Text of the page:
Michael Groves
October 2015

Smart cities: industry and transparency

environmental SCIENTIST | Our common urban future | August 2015

With cities generating around 80 per cent of global GDP, there is justifiable interest in the application of smart technologies that improve transport and urban services, resource efficiency and citizen engagement. The value of the market for these technologies and associated services has been put at £260 billion by 20201 . While there is a focus on municipal and utility services, businesses are key partners in smart city strategies, as well as being agents of innovation. They too are attempting to reduce environmental impacts, enhance resource efficiency and engage with employees and external stakeholders. At the same time they have to be more transparent.

The transparency agenda

There is a growing list of demands on companies to measure and disclose information on environmental risk and performance. The regulatory picture includes the EU Non-Financial Reporting Directive, the Energy Savings Opportunity Scheme (ESOS) and specific industry standards.

For listed companies in the UK, the nature of annual reporting continues to evolve with the latest iteration of the UK Corporate Governance Code and Strategic Reporting regulation, which requires greater description of material environmental and social issues. This is also a backdrop to specific demands around greenhouse gas (GHG) emission disclosure. In parallel, there is a growing movement to combine financial and other information that is relevant to company value, such as sustainability – to produce the so-called integrated report2.

While these reporting demands on larger listed companies garner all of the attention, the pressure mounts on companies of all shapes and sizes to disclose environmental and sustainability performance on an ongoing and informal basis. This may be through questionnaires from customers or criteria linked to bank lending or private equity investments.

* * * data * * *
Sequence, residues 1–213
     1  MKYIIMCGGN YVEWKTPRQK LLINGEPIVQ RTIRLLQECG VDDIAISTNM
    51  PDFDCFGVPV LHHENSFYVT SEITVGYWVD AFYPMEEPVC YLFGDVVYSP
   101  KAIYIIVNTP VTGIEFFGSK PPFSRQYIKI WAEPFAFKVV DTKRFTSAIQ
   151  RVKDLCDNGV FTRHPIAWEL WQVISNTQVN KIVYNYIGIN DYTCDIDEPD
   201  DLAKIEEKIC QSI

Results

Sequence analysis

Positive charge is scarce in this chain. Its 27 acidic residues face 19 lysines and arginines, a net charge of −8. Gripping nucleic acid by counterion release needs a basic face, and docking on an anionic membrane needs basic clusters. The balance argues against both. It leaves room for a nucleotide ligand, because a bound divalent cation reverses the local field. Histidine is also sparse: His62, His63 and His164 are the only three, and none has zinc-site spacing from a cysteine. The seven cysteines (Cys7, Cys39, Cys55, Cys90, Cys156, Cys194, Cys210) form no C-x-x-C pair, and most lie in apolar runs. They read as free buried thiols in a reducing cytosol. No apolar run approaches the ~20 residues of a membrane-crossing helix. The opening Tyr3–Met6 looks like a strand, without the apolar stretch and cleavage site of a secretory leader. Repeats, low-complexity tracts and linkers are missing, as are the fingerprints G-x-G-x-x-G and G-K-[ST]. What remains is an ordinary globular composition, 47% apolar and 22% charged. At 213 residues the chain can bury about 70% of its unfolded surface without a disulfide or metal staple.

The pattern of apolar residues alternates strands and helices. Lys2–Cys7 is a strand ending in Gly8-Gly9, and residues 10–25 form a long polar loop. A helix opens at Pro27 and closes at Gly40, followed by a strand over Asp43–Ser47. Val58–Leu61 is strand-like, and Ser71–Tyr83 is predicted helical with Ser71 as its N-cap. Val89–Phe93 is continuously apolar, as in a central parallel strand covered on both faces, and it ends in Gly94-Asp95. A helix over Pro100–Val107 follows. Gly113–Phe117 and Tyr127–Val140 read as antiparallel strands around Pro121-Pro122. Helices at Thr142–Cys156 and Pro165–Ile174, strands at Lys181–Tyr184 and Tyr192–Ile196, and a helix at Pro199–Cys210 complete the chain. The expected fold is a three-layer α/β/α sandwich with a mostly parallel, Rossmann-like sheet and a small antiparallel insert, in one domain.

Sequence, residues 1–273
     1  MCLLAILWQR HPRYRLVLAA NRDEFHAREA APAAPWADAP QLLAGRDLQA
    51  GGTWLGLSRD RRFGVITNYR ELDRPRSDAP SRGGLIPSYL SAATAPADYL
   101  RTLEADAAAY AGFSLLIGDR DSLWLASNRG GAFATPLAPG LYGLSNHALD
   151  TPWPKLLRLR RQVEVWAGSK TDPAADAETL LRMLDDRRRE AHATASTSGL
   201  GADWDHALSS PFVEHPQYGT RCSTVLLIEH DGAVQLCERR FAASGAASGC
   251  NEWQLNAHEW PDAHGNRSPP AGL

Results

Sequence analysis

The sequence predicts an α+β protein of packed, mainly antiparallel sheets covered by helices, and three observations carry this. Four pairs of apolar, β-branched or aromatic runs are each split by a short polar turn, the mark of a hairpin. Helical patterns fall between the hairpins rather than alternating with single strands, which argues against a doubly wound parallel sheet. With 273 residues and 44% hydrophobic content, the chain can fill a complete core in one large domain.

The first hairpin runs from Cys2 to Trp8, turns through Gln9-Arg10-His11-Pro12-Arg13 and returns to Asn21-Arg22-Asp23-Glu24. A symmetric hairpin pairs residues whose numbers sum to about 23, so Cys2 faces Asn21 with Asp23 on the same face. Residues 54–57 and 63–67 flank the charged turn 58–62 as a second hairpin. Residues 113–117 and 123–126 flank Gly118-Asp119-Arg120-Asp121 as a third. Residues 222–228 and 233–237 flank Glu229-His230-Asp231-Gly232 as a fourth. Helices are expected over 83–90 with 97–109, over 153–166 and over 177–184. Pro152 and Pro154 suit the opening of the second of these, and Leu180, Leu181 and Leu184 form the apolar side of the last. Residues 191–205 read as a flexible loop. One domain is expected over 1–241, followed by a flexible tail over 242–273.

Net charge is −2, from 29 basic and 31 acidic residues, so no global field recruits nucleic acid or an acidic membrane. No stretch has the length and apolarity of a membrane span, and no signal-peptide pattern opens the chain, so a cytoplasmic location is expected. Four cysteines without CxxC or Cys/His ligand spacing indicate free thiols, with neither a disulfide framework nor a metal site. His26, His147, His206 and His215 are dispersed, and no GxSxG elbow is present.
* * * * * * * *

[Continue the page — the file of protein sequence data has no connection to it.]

At the same time, the technological advancements seen within the smart cities arena are changing the ways in which companies measure, analyse and disclose information on emissions, waste and resource efficiency. This is exemplified by the growth in the adoption of cloud computing, software as a service (SAAS) and access to big data generated by ground and airborne sensors (the industrial internet of things; IIoT). This in turn is challenging the nature of expectations around what a company measures, how it measures and what it discloses to different stakeholders. For example, the Digital Present report produced by the Financial Reporting Council concluded that investors prefer a timely and clear PDF version of an annual report3.

Likewise, customers, employees, communities want to know about environmental and sustainability risk on a rolling basis – when contracts are up for renewal, when seeking new suppliers or during recruitment. In parallel, environmental compliance is shifting from a monolithic test-and-approve approach to one that is more nuanced and based on risk profiling4.